In estimating the economy of any furnace, and the relative merits of various engines and boilers, sad mistakes are sometimes made, and the evaporator and consumer are mixed up in such a way that it becomes next to impossible to account for the steam which has been made. To remedy this, the American Railway Times suggests that a water meter be added to the boiler, and that the quantity of water which has gone into the boiler being thus accurately known, with little trouble and without any calculation, and the amount of steam consumed being measured by the indicator, the difference being known, would enable engineers to discover defects in their valvular arrangements of which they are now perfectly ignorant, and serve to show the working condition of the boiler. The indicator has done much for enabling the steam engine to be made more economical, and a water meter, simple, small and accurate, that could easily be applied to the feed pipe would be a valuable invention. This is certainly worth the attention of our inventors, and we would advise them to set their wits to work on the subject.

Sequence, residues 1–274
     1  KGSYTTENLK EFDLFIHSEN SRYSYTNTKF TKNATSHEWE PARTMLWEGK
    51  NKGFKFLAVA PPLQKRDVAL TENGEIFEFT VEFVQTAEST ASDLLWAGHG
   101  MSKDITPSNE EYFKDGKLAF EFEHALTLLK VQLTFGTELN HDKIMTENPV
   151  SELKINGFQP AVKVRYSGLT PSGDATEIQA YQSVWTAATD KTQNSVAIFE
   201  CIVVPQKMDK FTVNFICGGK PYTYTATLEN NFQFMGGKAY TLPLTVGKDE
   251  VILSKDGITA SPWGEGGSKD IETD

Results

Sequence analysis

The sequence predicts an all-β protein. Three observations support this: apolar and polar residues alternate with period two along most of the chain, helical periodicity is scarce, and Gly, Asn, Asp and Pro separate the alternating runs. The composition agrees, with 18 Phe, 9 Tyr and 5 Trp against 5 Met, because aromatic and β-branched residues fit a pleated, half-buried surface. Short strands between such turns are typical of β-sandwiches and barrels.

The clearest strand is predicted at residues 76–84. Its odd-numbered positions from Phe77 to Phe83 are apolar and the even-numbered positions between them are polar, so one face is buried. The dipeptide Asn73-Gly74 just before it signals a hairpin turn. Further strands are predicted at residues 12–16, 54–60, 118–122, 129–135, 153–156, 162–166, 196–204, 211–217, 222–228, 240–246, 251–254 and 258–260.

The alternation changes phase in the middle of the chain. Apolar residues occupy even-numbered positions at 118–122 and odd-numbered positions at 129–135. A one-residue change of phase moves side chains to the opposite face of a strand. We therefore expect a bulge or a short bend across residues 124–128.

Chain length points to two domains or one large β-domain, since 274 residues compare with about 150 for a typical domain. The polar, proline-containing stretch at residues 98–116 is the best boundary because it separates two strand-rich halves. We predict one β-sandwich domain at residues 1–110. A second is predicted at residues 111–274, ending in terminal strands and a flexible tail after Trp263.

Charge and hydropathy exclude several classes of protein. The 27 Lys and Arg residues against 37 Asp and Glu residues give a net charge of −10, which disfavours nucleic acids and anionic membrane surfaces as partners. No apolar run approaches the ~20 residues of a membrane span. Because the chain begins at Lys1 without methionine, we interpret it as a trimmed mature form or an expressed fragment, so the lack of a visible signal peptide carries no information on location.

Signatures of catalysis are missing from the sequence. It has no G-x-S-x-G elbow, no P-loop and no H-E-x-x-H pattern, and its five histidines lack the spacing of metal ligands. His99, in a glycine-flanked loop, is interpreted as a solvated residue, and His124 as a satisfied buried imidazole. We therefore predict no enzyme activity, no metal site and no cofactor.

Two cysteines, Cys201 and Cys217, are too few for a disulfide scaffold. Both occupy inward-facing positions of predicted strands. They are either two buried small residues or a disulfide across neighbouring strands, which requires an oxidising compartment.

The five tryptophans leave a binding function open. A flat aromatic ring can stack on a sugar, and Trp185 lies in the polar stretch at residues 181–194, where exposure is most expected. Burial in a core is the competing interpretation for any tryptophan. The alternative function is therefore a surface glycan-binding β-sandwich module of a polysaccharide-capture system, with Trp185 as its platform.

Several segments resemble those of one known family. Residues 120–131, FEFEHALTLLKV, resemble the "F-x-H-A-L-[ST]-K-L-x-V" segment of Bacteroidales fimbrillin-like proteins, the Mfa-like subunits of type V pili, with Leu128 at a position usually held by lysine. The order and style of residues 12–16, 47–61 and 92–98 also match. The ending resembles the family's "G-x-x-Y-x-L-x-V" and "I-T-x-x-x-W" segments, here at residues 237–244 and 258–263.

This article was originally published with the title "Water Meters for Boilers" in Scientific American 13, 49, 387 (August 1858)